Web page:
In this series, we explore a side of the fancy begging for exposure, if not crying out for help. Breed rescue affects purebred dogs well beyond the show ring, and the numbers are growing steadily. Much of the upward trend is linked to irresponsible breeders continuing to prey on an uneducated public, most of whom still don’t know where to find good breeders.
The volunteers who tirelessly devote time and resources to rescuing purebred dogs are the unsung heroes of the dog world. Thousands of dogs are saved every year by these dedicated folks, who do so not for personal gain, but for the welfare of their beloved breeds. Fanciers busily running the show circuit aren’t always aware of what’s happening beyond that microcosm of dogdom, and rescuers would like to see more involvement from the “top dogs.” This is an opportunity to not only acknowledge rescue efforts, but to provide fanciers a broad picture of what’s happening to the distant cousins of their show champions.
While some rescue folks candidly shared thoughts of being unappreciated or invisible to the “show crowd,” I don’t believe that to really be the case it’s more a lack of information. Rescue statistics aren’t readily available and all clubs operate differently, as I discovered while researching this series. I really had to dig. After three weeks, some folks still haven’t gotten back to me.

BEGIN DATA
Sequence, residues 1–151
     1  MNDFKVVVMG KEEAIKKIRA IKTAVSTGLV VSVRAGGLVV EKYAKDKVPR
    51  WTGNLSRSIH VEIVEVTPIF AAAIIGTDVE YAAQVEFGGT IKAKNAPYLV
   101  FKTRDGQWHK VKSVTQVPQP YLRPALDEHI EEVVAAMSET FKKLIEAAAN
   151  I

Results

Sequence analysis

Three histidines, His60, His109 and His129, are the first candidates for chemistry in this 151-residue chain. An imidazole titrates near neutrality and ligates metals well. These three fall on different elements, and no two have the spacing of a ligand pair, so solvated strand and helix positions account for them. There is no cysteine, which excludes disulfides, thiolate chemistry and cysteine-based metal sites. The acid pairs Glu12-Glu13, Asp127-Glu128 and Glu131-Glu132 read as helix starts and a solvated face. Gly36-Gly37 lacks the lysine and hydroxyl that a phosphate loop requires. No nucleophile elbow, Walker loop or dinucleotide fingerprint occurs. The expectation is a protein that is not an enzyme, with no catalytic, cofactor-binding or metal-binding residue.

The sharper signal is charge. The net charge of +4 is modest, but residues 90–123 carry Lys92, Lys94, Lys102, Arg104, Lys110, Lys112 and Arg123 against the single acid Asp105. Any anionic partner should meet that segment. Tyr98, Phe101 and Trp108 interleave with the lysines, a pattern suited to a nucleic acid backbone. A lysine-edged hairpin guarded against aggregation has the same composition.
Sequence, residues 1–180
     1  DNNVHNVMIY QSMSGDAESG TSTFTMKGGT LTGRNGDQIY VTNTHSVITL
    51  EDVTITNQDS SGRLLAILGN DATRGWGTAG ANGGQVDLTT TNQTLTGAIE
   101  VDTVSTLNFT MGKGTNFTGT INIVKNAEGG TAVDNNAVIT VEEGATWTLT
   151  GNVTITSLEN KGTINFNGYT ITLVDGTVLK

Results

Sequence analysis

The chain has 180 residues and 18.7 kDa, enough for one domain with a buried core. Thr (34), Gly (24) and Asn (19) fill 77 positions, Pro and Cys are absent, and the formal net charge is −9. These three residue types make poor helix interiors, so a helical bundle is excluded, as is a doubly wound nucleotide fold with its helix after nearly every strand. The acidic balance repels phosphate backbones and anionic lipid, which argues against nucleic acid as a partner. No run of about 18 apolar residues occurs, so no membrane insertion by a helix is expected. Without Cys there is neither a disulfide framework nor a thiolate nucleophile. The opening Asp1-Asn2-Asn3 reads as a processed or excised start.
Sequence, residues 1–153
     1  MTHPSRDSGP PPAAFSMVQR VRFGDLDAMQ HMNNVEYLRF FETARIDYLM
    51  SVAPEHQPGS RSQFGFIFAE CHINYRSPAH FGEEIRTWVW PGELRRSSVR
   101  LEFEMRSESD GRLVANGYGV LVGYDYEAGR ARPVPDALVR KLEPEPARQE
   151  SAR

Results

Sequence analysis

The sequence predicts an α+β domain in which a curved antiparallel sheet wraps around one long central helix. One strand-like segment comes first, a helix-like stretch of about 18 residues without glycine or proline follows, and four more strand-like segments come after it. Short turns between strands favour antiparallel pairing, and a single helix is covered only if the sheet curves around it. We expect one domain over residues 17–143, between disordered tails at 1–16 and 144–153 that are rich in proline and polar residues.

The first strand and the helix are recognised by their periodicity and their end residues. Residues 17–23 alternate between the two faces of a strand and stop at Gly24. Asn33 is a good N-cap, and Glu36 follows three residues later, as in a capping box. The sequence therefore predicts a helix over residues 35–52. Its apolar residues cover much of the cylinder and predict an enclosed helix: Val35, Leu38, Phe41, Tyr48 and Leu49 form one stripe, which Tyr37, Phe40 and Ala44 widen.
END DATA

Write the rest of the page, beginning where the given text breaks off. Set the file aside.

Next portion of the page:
My hope is to provide information that fanciers may otherwise not have and in doing so spark a connection with affiliate rescues across the country.
Below are the unique challenges facing three breed rescues, all reporting increases in surrenders over the past five years:
Reasons for Surrender:
“Sibes are very energetic, suffer greatly from wanderlust, are highly prey driven and can be stubborn and destructive. They are escape artists and can frustrate even the most ardent owner. The prey drive causes trouble with small animals, such as cats and even tiny dogs. They are also great diggers, so anyone who wants a Home & Garden backyard should own a different breed.”
Ideal Adoptive Home:
“One with breed experience is best, but they are few and far between. It must have a secure, fenced-in backyard or appropriate sized pen. Someone must be able to devote a good amount of time to the dog; lots of grooming is involved and they shed a lot! We do not adopt out to persons with very young children, nor people who want beautiful back yards. Kids over 5 years are best with this breed.”